• Step 8) Cut 11 pediments.
  • Step 9) Cut 11 popsicle sticks for the top and bottom of the windows.
  • Step 10) Cut those popsicle sticks in half (half for the top, half for the bottom.)
  • Step 11) Cut 11 window sills for under the window.
  • Step 12) Glue all those pieces to the front of the facade, and the back of the facade.


Depiction of two ways to build windows
If it’s worth doing, it’s worth doing wrong the first time.

Doing the windows this way took me less than an hour for each remaining window (500% faster). I could have built every window way I did the first, and spent an extra 55 hours on the dollhouse. But that extra time would have served absolutely zero purpose. Instead, I saved myself a ton of time by building the windows ‘the easy way’ and ended up with the same result.

Honestly, now that the dollhouse is complete, I really can’t tell the difference between the window that was built ‘the hard way’ and the ones that were built ‘the easy way.’ (I only know which window was built first because of the photos I took.)

Almost every post about this dollhouse is in some way, an in-depth examination of how I built an element the first time, and then how I built it the second time, the third time, and the seventy-eleventh time. If there is any thing to be learned from these posts, I hope it’s this.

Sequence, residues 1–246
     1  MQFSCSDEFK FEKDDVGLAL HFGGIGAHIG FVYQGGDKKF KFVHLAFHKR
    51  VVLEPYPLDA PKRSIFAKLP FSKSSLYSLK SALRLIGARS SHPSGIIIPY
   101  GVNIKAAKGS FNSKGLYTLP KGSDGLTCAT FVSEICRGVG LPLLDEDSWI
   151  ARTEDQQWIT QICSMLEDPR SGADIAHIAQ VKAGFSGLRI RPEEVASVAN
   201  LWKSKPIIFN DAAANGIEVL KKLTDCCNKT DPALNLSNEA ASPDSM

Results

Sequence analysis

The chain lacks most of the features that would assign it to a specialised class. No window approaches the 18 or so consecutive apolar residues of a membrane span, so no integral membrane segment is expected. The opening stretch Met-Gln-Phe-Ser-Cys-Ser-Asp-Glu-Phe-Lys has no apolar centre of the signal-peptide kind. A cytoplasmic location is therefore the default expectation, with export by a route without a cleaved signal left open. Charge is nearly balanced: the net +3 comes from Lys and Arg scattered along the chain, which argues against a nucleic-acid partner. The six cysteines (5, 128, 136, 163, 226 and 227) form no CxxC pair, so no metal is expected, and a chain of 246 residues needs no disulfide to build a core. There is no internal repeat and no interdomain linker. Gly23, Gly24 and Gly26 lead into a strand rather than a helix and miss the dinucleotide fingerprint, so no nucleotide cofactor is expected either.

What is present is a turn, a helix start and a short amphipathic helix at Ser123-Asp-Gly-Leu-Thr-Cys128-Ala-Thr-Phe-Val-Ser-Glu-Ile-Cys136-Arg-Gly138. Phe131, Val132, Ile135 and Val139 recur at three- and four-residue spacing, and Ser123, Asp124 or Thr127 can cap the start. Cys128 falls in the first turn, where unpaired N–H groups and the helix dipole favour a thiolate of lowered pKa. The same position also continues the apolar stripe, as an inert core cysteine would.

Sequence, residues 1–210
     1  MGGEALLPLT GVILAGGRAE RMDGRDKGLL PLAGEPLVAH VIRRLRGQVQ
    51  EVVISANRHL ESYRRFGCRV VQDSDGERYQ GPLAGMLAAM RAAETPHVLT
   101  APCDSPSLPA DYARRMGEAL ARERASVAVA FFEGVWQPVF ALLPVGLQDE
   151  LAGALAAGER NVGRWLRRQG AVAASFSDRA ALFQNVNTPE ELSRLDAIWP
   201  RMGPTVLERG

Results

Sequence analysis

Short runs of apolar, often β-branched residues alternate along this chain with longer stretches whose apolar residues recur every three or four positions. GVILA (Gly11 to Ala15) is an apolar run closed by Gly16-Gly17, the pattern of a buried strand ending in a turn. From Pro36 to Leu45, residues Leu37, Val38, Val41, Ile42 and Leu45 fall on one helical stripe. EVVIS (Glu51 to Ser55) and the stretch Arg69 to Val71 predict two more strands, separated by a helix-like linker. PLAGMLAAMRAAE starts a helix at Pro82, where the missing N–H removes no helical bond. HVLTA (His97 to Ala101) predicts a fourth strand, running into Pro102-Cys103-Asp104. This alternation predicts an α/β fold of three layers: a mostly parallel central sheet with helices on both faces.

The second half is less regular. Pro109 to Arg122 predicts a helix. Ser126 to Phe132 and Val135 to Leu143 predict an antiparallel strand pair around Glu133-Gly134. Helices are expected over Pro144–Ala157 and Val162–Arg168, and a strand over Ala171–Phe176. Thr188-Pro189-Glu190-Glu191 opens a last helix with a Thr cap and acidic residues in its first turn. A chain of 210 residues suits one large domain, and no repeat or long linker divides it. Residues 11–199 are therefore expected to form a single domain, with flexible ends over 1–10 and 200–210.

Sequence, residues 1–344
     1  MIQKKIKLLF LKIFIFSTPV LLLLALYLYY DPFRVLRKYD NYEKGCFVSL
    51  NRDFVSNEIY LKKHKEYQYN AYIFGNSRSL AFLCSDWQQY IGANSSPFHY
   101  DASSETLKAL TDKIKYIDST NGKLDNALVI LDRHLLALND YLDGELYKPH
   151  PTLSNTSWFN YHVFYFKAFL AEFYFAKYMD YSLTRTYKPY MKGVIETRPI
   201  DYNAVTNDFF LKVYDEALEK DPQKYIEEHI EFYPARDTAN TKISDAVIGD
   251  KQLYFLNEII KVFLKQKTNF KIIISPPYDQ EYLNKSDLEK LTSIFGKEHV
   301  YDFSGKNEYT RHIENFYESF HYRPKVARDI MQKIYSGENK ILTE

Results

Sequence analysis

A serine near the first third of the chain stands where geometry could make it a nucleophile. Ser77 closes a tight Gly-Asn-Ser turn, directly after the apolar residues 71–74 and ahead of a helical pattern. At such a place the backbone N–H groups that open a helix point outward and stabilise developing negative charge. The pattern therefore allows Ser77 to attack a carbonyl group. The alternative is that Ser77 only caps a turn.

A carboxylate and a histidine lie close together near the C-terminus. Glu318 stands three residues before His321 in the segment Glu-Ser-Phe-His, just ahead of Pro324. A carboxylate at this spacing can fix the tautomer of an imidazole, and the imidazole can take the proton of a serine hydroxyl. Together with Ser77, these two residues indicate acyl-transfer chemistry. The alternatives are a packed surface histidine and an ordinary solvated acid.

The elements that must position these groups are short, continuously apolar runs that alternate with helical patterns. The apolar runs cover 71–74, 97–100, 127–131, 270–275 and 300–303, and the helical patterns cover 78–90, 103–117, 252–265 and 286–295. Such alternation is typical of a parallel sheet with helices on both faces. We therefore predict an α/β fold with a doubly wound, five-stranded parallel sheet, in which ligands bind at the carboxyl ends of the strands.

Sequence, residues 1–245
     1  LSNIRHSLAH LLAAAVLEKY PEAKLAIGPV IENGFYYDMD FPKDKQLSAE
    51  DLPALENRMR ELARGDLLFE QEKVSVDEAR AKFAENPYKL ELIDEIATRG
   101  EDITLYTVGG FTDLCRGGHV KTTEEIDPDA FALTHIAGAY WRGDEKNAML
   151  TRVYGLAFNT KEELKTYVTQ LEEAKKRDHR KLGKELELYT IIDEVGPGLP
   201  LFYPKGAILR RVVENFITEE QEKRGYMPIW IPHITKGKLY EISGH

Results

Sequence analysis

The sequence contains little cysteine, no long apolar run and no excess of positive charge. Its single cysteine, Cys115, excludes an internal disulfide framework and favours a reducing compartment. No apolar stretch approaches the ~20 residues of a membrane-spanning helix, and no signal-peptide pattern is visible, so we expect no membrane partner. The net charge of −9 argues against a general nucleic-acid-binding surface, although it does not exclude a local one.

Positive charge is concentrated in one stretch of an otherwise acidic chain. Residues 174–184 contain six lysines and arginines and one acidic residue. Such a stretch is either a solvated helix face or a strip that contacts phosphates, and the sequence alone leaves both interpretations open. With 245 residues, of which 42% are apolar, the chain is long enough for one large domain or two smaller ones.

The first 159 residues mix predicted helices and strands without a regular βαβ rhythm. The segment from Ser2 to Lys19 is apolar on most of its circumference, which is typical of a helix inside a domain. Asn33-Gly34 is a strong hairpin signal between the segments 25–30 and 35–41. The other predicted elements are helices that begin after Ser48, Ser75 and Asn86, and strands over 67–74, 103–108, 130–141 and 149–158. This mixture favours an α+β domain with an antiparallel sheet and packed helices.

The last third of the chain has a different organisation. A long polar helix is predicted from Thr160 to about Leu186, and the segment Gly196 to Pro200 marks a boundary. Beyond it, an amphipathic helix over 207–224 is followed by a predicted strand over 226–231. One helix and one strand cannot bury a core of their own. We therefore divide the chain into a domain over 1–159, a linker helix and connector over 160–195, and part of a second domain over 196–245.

There’s no extra-credit for doing it the hard way.

Shot of all 12 windows
The ‘hard way’ window is on the second story, second from the left. Compare that to the ‘easy way’ window on the bottom right.

What others have to say:

Here are a few other people who talk about doing things the easy way:

  • MotherEarthNews has some pretty general advice on how to build a dollhouse
  • Let’s Build a Dollhouse has a lot of great content on how to build a dollhouse, don’t let the tables steer you wrong, this is some good info.
  • CoolDollHouses has another one of those good (though very general) articles on how to build a dollhouse.
  • Jenni’s Miniatures has some great inspiration, and a ton of links to places you can buy miniatures.
  • Meaningful Mama greets you with a full-page popup, but beyond that it is some really great content, and DIY tips.